World Bank Report Finds Underground Economies More Affected by Economic Conditions Than Policy Measures

August 6th, 2010

A new working paper from the World Bank finds that the shadow economy is on the rise, constituting roughly 1/3 of GDP around the globe.  Transparency would dramatically curtail this underground activity.

World Bank headquarters | Photo by Shiny Things

Economic factors do a better job than regulations of reigning in the size of underground economies.  So claims a recent study by Shneider, Buehn, and Montenegro, Shadow Economies All over the World. This World Bank policy research working paper analyzes the sizes and causes of the shadow economies of 162 countries in various stages of development across the globe.  The report, released last month, finds that economic conditions generally influence the size of shadow economies more than policy measures.  The report’s findings are important in the field of understanding illicit financial flows (IFFs) because of the illicit, unrecorded nature of the underground economy.  Money in the shadow economy and illicit financial flows hurt countries in a similar way: it is all off the books and therefore never taxed.

The report uses a narrow definition of the “shadow economy” that does not include typical underground activities such as drug trafficking and robbery.  Nor does it include tax evasion.  What it does include is the sale of legally-produced goods and services that goes unreported to public authorities in order to avoid paying taxes and social security contributions, meeting legal labor standards, and complying with administrative procedures.

The average size of the shadow economy throughout the 162 countries in the study was 34.5% of official GDP, or a little over a third the size of what they produce overall.  Yet, the shadow economy’s average rate of growth over the period was rather modest: it grew from 33.7% of GDP in 1999 to 35.5% of GDP in 2007.  The authors identify four main driving forces of the shadow economy: (1)overall tax, both direct and indirect, and social security contribution burdens, (2) intensity of regulations, (3) public sector services, and (4) the state of the “official” economy.

The paper divides causal variables of the shadow economy into two categories: economic variables and policy variables.  Economic variables describe a country’s level of development and the state of its economy and include things such as GDP per capita and the unemployment rate.  Policy variables include regulations and various measures of the tax burden.  When examining the results, the authors find that economic variables generally influence the size of shadow economies more than policy ones.

This makes sense: people respond to incentives, and money is very persuasive.  If you are unemployed and unable to find work in the official economy, do you pass up a job in the unofficial economy even if it pays below minimum wage or does not fully comply with labor standards?  If you run a business that stands to greatly increase profits by paying workers under the table and not paying social security contributions, do you shift that business into the shadow economy and more profit into your pockets?  These temptations abound in countries with booming underground economies.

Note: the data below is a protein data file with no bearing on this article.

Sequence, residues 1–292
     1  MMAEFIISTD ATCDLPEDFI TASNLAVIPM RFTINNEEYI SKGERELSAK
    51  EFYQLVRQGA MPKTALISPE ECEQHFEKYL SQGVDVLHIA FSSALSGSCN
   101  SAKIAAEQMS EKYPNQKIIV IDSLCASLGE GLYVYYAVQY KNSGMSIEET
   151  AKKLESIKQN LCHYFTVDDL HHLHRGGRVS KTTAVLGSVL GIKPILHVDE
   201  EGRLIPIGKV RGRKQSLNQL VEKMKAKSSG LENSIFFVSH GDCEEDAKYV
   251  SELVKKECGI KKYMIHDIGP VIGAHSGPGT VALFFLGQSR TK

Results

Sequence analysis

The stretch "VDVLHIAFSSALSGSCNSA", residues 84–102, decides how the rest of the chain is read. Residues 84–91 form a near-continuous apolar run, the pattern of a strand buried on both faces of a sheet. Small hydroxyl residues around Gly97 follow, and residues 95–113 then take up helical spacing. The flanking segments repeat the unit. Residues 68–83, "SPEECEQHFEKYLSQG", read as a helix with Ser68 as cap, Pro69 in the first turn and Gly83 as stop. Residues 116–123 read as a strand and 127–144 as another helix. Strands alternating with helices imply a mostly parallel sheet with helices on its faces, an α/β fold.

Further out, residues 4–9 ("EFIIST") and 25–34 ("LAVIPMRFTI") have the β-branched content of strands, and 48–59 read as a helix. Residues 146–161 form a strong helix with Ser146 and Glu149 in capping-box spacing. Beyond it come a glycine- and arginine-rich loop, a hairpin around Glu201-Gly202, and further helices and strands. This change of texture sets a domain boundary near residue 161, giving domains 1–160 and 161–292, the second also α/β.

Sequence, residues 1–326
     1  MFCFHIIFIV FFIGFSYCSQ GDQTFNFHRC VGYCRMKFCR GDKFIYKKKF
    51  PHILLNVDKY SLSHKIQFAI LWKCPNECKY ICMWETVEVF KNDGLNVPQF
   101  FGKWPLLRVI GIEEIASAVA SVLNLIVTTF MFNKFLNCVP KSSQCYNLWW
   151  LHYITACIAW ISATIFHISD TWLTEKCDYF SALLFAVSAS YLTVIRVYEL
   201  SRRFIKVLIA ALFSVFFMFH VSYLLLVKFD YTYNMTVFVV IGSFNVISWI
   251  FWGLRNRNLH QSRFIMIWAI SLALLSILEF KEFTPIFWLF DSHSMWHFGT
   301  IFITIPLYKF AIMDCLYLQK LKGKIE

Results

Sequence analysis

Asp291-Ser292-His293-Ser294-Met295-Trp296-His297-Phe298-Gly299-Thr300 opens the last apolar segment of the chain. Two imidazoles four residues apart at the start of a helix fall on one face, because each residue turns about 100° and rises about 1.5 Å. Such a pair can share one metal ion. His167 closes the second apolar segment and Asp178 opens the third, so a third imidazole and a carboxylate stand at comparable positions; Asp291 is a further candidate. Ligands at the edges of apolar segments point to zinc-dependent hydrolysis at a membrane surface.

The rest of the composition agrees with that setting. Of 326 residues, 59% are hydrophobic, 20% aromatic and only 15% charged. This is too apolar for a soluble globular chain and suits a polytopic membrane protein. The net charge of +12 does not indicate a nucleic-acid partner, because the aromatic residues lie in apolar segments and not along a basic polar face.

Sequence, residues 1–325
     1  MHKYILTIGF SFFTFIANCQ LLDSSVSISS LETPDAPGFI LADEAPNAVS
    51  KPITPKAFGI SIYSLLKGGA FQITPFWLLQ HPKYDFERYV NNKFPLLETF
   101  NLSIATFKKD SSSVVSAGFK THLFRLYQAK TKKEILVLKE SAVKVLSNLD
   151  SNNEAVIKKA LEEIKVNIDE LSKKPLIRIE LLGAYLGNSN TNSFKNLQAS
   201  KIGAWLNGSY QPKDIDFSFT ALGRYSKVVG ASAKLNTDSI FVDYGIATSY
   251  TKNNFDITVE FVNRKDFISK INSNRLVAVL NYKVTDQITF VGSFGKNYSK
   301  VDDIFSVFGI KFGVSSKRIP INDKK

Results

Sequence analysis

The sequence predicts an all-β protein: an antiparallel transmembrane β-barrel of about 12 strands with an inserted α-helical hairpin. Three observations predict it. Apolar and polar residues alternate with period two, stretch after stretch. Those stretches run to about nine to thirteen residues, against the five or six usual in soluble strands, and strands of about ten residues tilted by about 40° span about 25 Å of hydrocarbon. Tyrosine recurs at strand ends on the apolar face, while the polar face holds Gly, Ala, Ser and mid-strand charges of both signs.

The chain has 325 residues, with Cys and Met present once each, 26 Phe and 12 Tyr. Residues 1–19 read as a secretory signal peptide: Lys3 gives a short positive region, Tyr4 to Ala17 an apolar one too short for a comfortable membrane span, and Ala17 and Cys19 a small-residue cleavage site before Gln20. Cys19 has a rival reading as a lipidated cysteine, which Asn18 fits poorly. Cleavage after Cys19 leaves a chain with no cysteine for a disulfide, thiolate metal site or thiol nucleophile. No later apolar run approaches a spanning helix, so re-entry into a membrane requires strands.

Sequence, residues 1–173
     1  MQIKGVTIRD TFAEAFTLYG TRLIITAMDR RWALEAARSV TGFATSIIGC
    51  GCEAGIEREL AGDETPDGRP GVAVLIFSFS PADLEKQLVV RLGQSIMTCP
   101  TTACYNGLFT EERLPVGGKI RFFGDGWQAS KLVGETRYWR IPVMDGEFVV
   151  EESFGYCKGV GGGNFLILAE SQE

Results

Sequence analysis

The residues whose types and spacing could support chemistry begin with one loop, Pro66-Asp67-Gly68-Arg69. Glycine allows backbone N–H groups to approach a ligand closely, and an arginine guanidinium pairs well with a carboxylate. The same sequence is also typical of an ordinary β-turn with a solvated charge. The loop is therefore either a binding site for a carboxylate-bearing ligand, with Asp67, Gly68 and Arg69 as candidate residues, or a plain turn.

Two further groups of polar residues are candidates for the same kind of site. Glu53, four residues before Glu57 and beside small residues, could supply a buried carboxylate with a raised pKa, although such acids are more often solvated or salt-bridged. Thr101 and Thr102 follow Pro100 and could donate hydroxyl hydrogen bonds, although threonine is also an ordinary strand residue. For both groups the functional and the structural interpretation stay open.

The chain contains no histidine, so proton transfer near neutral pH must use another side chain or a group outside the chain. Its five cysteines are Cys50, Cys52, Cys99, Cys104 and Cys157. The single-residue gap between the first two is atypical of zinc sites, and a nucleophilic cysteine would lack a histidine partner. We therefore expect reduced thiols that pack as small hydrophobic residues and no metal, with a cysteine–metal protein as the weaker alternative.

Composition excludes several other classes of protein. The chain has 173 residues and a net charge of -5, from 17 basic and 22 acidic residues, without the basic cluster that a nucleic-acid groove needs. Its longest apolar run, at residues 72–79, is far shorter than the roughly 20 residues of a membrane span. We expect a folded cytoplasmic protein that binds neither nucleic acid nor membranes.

The paper concludes that if governments can implement incentive-oriented policy measures that make work in the shadow economy less attractive, this may lead to a stabilization, or even reduction, in the size of the shadow economy.  While governments cannot change economic conditions such as GDP per capita by will, they can implement economy-oriented policies that will induce, or increase the incentive for, certain behaviors, such as keeping one’s money in the official economy.  The paper prescribes that the best policy measure governments can take to reduce the size of the shadow economy is to reduce the tax burden.  With lower taxes, there is less of an economic incentive to skirt those taxes and do business in the shadow economy or abroad.  The next best option for reducing the underground economy’s size would be lessening fiscal and business regulations, a policy with direct economic benefits for businesses that choose to operate in the official economy.

So we see that increased regulations alone will not solve the problem of the growing shadow economy.  Regulations, in fact, are shown to spur its growth.  This is not to say that all regulations are bad; on the contrary many are necessary.  But excessive regulations and restrictions will only push more and more people into the shadow economy, thereby depriving the government of more and more tax revenue and infringing on the rights of those who must seek employment in the shadow economy, where working conditions may be dismal and minimum wage just a myth.

Increased financial transparency will help reduce the size of the shadow economy.  It becomes more difficult to conduct illegal financial activities when the transfer, banking and reporting processes are more transparent and globally accessible.  If people cannot hide their money, then they cannot use it in unrecorded exchanges without arousing suspicion.  If all income is recorded, then none of it can skirt income taxes.  Underground economies can no longer remain in the shadows when the financial activities that drive them are brought into the light and rendered transparent.

Written by Caroline Davidson

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